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Materials-Scale Implications of Solvent and Temperature on [6,6]-Phenyl-C61-butyric Acid Methyl Ester (PCBM): A Theoretical Perspective

Authors

  • Naga Rajesh Tummala,

    1. School of Chemistry and Biochemistry and Center for Organic Photonics and Electronics, Georgia Institute of Technology, Atlanta, GA, 30332-0400, USA
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  • Shafigh Mehraeen,

    1. School of Chemistry and Biochemistry and Center for Organic Photonics and Electronics, Georgia Institute of Technology, Atlanta, GA, 30332-0400, USA
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  • Yao-Tsung Fu,

    1. School of Chemistry and Biochemistry and Center for Organic Photonics and Electronics, Georgia Institute of Technology, Atlanta, GA, 30332-0400, USA
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  • Chad Risko,

    Corresponding author
    1. School of Chemistry and Biochemistry and Center for Organic Photonics and Electronics, Georgia Institute of Technology, Atlanta, GA, 30332-0400, USA
    • School of Chemistry and Biochemistry and Center for Organic Photonics and Electronics, Georgia Institute of Technology, Atlanta, GA, 30332-0400, USA.

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  • Jean-Luc Brédas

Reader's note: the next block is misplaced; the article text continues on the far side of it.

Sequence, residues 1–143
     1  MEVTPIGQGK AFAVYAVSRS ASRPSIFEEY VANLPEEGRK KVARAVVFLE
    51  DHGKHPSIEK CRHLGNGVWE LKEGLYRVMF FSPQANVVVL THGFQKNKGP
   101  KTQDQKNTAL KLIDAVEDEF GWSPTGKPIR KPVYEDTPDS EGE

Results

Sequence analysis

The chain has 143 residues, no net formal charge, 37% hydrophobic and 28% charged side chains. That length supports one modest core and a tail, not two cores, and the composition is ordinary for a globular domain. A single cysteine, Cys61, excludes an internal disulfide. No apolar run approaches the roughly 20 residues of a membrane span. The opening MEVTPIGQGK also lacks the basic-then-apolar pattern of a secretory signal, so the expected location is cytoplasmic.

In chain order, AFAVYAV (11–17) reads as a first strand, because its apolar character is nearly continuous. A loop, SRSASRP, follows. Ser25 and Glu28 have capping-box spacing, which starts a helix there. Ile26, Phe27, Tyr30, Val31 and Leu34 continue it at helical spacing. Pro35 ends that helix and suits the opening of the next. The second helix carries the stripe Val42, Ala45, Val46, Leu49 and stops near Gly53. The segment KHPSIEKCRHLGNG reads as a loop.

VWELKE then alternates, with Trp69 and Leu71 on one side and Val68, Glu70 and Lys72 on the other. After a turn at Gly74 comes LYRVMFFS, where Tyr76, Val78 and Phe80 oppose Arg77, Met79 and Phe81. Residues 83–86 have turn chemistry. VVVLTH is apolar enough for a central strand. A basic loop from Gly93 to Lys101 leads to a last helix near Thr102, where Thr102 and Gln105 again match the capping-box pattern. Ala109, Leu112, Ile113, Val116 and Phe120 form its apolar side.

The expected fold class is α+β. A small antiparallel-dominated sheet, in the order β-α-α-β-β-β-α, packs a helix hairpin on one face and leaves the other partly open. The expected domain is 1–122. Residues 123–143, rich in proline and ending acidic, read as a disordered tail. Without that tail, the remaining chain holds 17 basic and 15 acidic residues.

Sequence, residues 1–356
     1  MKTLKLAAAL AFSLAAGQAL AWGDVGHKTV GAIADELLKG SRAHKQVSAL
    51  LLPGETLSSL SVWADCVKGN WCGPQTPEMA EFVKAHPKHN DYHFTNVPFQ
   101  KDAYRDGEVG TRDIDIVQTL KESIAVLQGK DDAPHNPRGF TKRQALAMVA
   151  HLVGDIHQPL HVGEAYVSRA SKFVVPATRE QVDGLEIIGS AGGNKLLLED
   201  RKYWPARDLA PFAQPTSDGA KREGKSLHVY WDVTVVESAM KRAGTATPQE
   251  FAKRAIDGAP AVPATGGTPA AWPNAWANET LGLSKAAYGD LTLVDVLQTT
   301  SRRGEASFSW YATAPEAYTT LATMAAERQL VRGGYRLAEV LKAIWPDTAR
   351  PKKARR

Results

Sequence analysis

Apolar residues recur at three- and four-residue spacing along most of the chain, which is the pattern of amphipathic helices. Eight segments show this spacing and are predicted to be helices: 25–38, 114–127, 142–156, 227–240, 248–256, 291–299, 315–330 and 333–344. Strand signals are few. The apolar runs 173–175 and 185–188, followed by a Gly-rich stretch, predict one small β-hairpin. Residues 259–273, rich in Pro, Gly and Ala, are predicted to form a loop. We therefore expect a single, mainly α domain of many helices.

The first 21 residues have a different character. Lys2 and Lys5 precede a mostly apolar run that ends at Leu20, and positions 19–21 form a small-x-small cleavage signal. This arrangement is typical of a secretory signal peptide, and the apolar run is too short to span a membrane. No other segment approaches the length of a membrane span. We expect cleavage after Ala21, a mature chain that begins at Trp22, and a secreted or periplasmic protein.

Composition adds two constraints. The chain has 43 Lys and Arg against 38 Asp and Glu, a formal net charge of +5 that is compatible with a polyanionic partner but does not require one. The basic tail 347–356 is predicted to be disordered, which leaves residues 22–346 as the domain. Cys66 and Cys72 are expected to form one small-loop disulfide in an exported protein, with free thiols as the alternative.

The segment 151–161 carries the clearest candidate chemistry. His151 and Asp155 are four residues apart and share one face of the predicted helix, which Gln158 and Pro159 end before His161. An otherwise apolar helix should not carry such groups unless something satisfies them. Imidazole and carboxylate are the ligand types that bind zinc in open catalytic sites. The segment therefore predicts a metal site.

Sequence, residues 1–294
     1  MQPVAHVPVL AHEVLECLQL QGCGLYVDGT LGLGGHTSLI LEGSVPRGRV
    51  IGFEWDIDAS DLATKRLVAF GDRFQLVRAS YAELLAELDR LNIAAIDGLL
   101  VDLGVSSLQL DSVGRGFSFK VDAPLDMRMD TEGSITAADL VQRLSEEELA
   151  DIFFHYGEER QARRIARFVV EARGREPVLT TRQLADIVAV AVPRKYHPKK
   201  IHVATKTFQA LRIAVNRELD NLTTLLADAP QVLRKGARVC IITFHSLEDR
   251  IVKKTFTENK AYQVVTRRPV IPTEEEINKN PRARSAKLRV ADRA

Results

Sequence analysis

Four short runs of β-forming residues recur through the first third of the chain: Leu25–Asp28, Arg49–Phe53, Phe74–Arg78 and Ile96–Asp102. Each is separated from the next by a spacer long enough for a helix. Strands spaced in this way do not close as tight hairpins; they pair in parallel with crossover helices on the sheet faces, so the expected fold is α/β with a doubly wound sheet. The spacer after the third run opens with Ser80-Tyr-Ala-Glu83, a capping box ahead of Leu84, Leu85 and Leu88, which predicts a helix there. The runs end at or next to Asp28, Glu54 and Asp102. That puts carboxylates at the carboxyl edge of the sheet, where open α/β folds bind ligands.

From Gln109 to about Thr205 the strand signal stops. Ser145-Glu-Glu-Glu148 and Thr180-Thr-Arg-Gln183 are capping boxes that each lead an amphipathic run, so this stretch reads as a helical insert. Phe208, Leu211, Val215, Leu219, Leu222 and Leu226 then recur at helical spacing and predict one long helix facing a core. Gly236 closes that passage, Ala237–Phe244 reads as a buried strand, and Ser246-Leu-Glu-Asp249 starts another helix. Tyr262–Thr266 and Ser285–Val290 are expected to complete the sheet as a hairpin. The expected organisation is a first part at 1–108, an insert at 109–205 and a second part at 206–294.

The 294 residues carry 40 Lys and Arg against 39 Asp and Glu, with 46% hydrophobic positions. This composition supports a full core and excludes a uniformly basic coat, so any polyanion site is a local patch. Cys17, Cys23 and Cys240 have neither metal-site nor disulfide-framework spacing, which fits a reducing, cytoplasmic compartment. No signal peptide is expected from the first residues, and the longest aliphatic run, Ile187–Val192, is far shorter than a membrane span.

Corresponding author
    1. School of Chemistry and Biochemistry and Center for Organic Photonics and Electronics, Georgia Institute of Technology, Atlanta, GA, 30332-0400, USA
    2. Department of Chemistry, King Abdulaziz University, Jeddah 21589, Saudi Arabia
    • School of Chemistry and Biochemistry and Center for Organic Photonics and Electronics, Georgia Institute of Technology, Atlanta, GA, 30332-0400, USA.

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Abstract

The ability to detail how molecules pack in the bulk and at the various materials interfaces in the active layer of an organic solar cell is important to further understanding overall device performance. Here, [6,6]-phenyl-C61-butyric acid methyl ester (PCBM), a preferred electron-acceptor material in organic solar cells, is studied through molecular dynamics (MD) simulations; the goal is to examine the effects of temperature and trace solvents on the packing and morphological features of bulk PCBM. Solubility (miscibility) parameters, melting and order-disorder transitions, surface energies, and orientational distributions as a function of different starting configurations are discussed. On the basis of the derived morphologies, electronic structure calculations and a kinetic Monte Carlo approach are combined to evaluate the parameters impacting electron mobility in crystalline and amorphous PCBM structures.

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